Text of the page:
Is there a faster way (I've found a good one but I want to be sure) - interesting calculus question

I quite liked this question but I did something I don't normally do to make it... faster to write and thus do, I'm wondering however if there's a faster way.

Given: $$y(x)=e^{-x}\int_0^{e^{2x}}{\left(\frac{1}{t}\int_0^t\left(\frac{g(s)}{\sqrt{s}}\right)ds\right)}dt$$

RELAX you need not work this out (I panicked a bit when I first saw it I must confess - also bracket height not changing in LaTeX? I expected the outer ( ) to be taller and contain their contents..)

First:

Find $y'$ and $y''$

Then:

Find $a,b,c\in\mathbb{R}$ such that $ay''+by'+cy=4g(e^{2x})$

To make it easier I let

$$\alpha(x)=e^{2x}$$

$$F(\beta)=\int^\beta_0\left(\frac{1}{t}\int^t_0\left(\frac{g(s)}{\sqrt{s}}\right)ds\right)dt$$ $$\Phi(\gamma)=\int^\gamma_0\left(\frac{g(s)}{\sqrt(s)}\right)ds$$

Then one may write: $$y=e^{-x}F(\alpha(x))=e^{-x}F(\alpha)$$

Now using the fundamental theorem of calculus things like: (where the lower case letter is the derivative of the upper, that is f(x) is d(F(x))/dx)

$$f(\beta)=\frac{1}{\beta}\Phi(\beta)$$ happen, the chain rule can be used to state: $$\frac{d}{dx}[F(\alpha)]=f(\alpha).\alpha'$$ (well that is basically the chain rule)

So the question becomes manageable quickly, you do the differentiation without error then you compare coefficients to find a,b and c to be 2,4 and 2 respectively.

I'd like the answer confirmed, and to identify any other methods that would work just as well.

Here are the values:

$y=e^{-x}F(\alpha)$

$y'=-e^{-x}F(\alpha)+e^{-x}\Phi(\alpha)$

$y''=e^{-x}F(\alpha)-2e^{-x}\Phi(\alpha)+2e^x\phi(\alpha)$

BUT: $\phi(z)=\frac{g(z)}{\sqrt{z}}$

Thus:

$y''=e^{-x}F(\alpha)-2e^{-x}\Phi(\alpha)+2g(\alpha)$

I actually slipped up early into the problem with my expression for $y'$ that was then carried forward, the method is sound but it lead to me getting double the answer I ought to have gotten for the final values, see Turnococ's answer.

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To get the correct bracket height use \left( . . . \right). – Michael Albanese Aug 30 '13 at 12:06
@MichaelAlbanese thanks, fixed. – Alec Teal Aug 30 '13 at 12:14
Were you trying to find the second derivative in the first place, or what were you trying to find? – apnorton Aug 30 '13 at 12:35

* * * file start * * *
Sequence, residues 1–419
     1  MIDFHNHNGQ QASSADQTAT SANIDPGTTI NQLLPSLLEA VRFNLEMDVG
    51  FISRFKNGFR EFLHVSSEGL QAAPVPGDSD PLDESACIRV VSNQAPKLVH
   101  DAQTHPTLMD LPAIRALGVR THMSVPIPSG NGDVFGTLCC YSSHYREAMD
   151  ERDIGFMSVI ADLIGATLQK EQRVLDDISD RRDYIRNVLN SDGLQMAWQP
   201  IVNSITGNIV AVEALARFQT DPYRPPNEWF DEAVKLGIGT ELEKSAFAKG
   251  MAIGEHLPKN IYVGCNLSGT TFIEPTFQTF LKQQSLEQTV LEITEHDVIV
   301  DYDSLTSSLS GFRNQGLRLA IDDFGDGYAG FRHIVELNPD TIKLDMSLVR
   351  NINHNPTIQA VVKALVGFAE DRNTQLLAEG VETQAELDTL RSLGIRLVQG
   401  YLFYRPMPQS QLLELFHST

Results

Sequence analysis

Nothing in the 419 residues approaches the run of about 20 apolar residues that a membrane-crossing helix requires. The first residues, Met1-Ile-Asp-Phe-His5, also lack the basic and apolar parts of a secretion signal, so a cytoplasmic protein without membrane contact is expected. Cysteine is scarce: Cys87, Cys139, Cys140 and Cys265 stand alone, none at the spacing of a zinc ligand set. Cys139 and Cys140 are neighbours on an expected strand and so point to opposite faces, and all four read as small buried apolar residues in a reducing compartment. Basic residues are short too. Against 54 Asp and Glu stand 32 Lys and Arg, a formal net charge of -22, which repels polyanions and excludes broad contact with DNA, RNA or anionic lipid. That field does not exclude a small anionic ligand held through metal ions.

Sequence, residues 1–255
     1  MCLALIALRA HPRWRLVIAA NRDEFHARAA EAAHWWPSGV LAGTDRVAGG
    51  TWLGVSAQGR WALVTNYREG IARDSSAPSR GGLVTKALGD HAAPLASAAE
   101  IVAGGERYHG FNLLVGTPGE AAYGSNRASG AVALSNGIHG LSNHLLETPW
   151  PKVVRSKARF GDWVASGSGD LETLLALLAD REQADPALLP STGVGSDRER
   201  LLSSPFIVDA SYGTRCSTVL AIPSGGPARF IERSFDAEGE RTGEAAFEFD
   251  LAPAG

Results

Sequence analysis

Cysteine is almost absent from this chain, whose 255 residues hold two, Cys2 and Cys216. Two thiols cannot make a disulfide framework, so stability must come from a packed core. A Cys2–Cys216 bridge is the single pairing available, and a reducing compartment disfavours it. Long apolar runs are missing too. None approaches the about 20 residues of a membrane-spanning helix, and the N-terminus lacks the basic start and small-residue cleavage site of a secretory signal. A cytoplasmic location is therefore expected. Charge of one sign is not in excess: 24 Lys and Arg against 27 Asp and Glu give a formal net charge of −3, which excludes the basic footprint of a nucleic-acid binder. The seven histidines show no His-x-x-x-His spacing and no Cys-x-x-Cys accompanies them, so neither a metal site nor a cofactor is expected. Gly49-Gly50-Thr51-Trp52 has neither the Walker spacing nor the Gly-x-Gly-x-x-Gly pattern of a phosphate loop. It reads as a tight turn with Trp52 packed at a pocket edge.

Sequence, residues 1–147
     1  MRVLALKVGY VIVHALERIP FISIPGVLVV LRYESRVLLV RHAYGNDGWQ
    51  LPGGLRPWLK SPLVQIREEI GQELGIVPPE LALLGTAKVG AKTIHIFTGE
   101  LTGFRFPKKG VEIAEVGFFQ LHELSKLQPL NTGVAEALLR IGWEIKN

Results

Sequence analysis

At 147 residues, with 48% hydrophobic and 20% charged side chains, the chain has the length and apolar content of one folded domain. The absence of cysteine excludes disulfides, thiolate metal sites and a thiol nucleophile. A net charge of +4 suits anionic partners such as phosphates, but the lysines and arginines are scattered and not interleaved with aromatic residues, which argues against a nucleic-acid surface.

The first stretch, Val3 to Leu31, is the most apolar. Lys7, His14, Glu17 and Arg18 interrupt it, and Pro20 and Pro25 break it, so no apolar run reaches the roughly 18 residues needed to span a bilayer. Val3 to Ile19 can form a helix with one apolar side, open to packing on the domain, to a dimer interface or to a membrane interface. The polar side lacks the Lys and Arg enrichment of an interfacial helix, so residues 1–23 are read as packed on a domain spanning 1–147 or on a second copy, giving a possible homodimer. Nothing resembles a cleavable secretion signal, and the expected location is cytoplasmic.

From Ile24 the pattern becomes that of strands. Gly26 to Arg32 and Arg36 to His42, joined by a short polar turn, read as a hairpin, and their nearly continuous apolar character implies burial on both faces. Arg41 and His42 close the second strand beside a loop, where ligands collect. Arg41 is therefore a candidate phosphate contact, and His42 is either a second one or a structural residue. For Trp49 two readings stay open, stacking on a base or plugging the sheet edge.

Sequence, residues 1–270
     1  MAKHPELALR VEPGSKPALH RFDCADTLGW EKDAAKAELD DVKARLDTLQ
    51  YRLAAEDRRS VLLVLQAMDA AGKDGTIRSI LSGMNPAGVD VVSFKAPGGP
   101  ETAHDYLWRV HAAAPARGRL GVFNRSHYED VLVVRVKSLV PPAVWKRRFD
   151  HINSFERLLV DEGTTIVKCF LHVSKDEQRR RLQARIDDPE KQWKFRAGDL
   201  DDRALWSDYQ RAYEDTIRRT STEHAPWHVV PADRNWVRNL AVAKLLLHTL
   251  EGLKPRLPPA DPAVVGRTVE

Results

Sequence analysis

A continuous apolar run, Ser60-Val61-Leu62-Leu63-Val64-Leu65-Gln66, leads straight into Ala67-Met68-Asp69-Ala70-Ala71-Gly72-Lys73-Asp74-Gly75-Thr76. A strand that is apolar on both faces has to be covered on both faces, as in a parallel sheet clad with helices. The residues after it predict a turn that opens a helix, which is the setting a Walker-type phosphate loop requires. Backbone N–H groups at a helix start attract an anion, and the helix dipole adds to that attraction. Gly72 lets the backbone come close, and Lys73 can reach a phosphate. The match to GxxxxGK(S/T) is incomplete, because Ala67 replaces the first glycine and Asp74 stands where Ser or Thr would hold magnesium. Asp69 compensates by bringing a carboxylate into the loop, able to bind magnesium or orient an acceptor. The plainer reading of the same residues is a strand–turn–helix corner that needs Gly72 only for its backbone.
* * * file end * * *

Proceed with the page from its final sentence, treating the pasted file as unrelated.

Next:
@anorton I must find both the first and second derivative, then find three real numbers such that the sum of y, y and y` is 4g(e^(2x)), as it says in the question. – Alec Teal Aug 30 '13 at 12:44
Note that $\alpha' = 2\alpha$. – Tunococ Aug 30 '13 at 13:04

It is good that you split your function into parts. \begin{align} y(x) & = e^{-x} F(e^{2x}) \\ F'(x) & = f(x) = \frac 1x\Phi(x)\\ \Phi'(x) & = \phi(x) = \frac{g(x)}{\sqrt x} \end{align} Using these equations, we can compute \begin{align} y'(x) & = -e^{-x}F(e^{2x}) + 2e^{x}f(e^{2x})\\ & = -y(x) + 2e^{x}f(e^{2x}) \\ & = -y(x) + 2e^{-x}\Phi(e^{2x}) \\ y''(x) & = -\left(-y(x) + 2e^{-x}\Phi(e^{2x})\right) - 2e^{-x}\Phi(e^{2x}) + 4e^{x}\phi(e^{2x})\\ & = y(x) - 4e^{-x}\Phi(e^{2x}) + 4e^{x}\phi(e^{2x}) \\ & = y(x) - 4e^{-x}\Phi(e^{2x}) + 4g(e^{2x}) \end{align} For ease of notation, let $u(x) = y(x)$, $v(x) = e^{-x}\Phi(e^{2x})$ and $w(x) = g(e^{2x})$. Then, we can express $y, y', y''$ using $\left\{u, v, w\right\}$ as the basis: \begin{align} y & = \begin{pmatrix} u & v & w \end{pmatrix} \begin{pmatrix} 1 \\ 0 \\ 0 \end{pmatrix}\\ y' & = \begin{pmatrix} u & v & w \end{pmatrix} \begin{pmatrix} -1 \\ 2 \\ 0 \end{pmatrix}\\ y'' & = \begin{pmatrix} u & v & w \end{pmatrix} \begin{pmatrix} 1 \\ -4 \\ 4 \end{pmatrix}\\ \end{align} Solving for $a, b, c$ such that $ay'' + by' + cy = 4g(e^{2x})$ becomes solving the linear system \begin{align} \begin{pmatrix} 1 & -1 & 1\\ 0 & 2 & -4\\ 0 & 0 & 4 \end{pmatrix} \begin{pmatrix} a \\ b \\ c \end{pmatrix} = \begin{pmatrix} 0 \\ 0 \\ 4 \end{pmatrix} \end{align} The solution is $(a, b, c) = (1, 2, 1)$.
Note that the solution is unique only if $u, v, w$ are linearly independent. I believe it is possible to derive, from computing the Wronskian of $u, v, w$, a condition (or conditions) under which $u, v, w$ will be independent, but I honestly do not want to go there.
You are right. I don't believe there is an easier way than this. (But your $(a, b, c)$ do not match mine.) – Tunococ Aug 30 '13 at 13:39
Ok, upon reading your comment in more detail, I am not sure if you understand my point. Comparing coefficients IS the same as solving the system. I have always assumed $a, b, c$ to be constant. What I mentioned about non-uniqueness of the solution has to do with linear dependence of functions $u, v, w$, not the three vectors that represent $y, y', y''$. – Tunococ Aug 30 '13 at 13:41
I got that, also yes, for $f(x)=\frac{1}{x}\Phi(x)$ I slipped up by putting x as $\alpha'$, thus the fraction became $\frac{1}{2e^{2x}}$ and spoiled my result, an annoying slip early into the problem. Interesting it should double the answers I came to for a,b and c though. – Alec Teal Aug 30 '13 at 13:48
Oh. I thought you forgot to multiply by $\alpha'$. Anyway, it is indeed quite nice that the mistake causes the answer to just double and not go crazy. – Tunococ Aug 30 '13 at 13:55